Anthony Stokes believes that 2013 has been a disappointing summer for blockbuster movies…
This summer has been pretty good for movies and intellectual properties. We won’t see anther big event-filled summer like this until 2015 when we get Avengers: Age of Ultron, Star Wars: Episode VII, and supposedly a World’s Finest movie to name but a few. But for all of these big event films this year, there hasn’t been a definitive, uncontested success of the summer. For the most part, this year’s big movies have been good, but they all have one thing in common that’s stopped them from being great, including Iron Man 3, Star Trek Into Darkness, Fast & Furious 6, Man of Steel, Pacific Rim and The Wolverine…
Summer of 2013 will forever be remembered as the summer of sloppy third acts.
All the aforementioned movies start off strong with great a premise, story, or concept. But along the way they either throw away the story for action (Pacific Rim, Fast & Furious 6), or become so focussed on cartoonish spectacle that it doesn’t gel with the rest of the movie (Pacific Rim, Star Trek Into Darkness, Man of Steel). I actually think Iron Man 3 had a fine balance of spectacle and story, but it doesn’t stick the landing. Think back to all the movies I just mentioned. Where do the majority of the complaints come from? I know specifically The Wolverine, Star Trek Into Darkness, and Man of Steel have all been singled out for wavering in the last 30 minutes or so. I’ve already mentioned why Man of Steel’s ending doesn’t work, but personally for me Star Trek Into Darkness is the worst offender because 2009’s Star Trek avoided making the mistakes that Into Darkness walks – or rather cannonballs – into.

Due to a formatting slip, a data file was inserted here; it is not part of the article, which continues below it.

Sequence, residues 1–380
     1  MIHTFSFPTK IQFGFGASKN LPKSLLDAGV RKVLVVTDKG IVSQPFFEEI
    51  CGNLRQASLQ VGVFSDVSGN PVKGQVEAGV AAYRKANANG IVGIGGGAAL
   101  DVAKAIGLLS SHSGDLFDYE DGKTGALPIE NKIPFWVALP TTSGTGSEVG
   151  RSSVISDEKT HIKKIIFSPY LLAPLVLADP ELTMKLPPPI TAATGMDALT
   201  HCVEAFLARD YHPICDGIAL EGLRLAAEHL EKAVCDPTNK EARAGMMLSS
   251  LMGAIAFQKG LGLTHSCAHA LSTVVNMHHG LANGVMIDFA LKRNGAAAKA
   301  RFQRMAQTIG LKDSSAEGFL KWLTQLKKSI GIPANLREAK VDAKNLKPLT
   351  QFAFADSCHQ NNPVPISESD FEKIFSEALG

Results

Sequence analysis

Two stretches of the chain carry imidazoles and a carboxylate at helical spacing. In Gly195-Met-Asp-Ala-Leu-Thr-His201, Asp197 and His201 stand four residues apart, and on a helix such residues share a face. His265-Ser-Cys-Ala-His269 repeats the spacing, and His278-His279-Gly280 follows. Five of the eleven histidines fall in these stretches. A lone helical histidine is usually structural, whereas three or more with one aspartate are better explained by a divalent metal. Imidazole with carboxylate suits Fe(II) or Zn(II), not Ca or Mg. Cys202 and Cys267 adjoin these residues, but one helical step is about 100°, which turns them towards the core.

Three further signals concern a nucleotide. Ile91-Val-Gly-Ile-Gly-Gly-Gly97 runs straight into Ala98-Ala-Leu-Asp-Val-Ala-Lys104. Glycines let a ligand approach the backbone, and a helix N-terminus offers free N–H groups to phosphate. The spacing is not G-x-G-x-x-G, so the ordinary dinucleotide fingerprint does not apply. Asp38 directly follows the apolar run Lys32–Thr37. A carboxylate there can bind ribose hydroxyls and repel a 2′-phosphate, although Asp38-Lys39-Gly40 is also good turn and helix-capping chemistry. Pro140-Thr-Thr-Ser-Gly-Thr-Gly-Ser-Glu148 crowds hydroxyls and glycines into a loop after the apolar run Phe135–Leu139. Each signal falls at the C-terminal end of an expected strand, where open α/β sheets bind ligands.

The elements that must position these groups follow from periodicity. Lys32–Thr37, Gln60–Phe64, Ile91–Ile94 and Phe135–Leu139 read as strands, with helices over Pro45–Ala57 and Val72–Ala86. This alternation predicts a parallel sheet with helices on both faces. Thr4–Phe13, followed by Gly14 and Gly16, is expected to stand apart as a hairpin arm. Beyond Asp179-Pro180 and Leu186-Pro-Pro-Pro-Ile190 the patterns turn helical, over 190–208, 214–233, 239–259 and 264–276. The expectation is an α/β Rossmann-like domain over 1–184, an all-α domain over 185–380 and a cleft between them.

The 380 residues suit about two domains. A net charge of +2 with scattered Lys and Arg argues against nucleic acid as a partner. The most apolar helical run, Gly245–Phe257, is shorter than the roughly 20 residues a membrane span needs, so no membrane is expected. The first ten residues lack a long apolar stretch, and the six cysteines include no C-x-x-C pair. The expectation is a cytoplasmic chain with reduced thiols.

Studios need to realize that audiences don’t want what they think they want. This whole notion of throwing the kitchen sink at audiences is a new idea. Fan service and references are a double edged sword. Half the crowd will be excited, but the other half won’t care because they’ve already seen it, or they want to enjoy what’s in front of them now. Everybody loves a huge action scene, but that’s after we’ve fallen in love with the characters and a threat has been established. The Avengers has been the only movie in recent memory that has had a big blowout last action scene that worked because it further developed the characters, was well-paced, had been built up the entire movie, and had a point instead of just being mindless action. I listened to the commentary on The Avengers and the brilliant Joss Whedon basically structured the last action scene in five acts: they fight as individuals; they assemble; they start to lose; they triumph; the end. Doesn’t that sound nicer than: explosion; car crash; bigger explosion; sudden out of place character death; Deus Ex Machina resulting in defeat of bad guy with weak motivation; the end? When dealing with a franchise, we care about the characters. We don’t want Spock and Superman simply punching people in the face, we want them to grow as they’re punching people in the face.
Don’t get me wrong, I love action as much as the next guy, but there should be a consistent amount of story through an entire movie. And I absolutely love half of these movies – I’ll let you guess which ones – it’s just that they didn’t stick the landing and deliver a consistent experience all the way through, which is sad. I think this is more or less an echo from last summer when The Dark Knight Rises and The Avengers had two action packed third acts, and hopefully filmmakers will learn from this and try to make more meaningful final battles, or at least ones that are choreographed with some sense of purpose, flow, or rhythm. More than likely, it’s the studios going, “we need more action or the audience will get bored”. There’s a diminishing effect though – the longer an action scene goes on the more boring it becomes, but that’s besides the point. Your audience wants to be entertained, but they don’t want to be insulted and doing so will only result in losses on both sides.
Anthony Stokes is a blogger and independent filmmaker.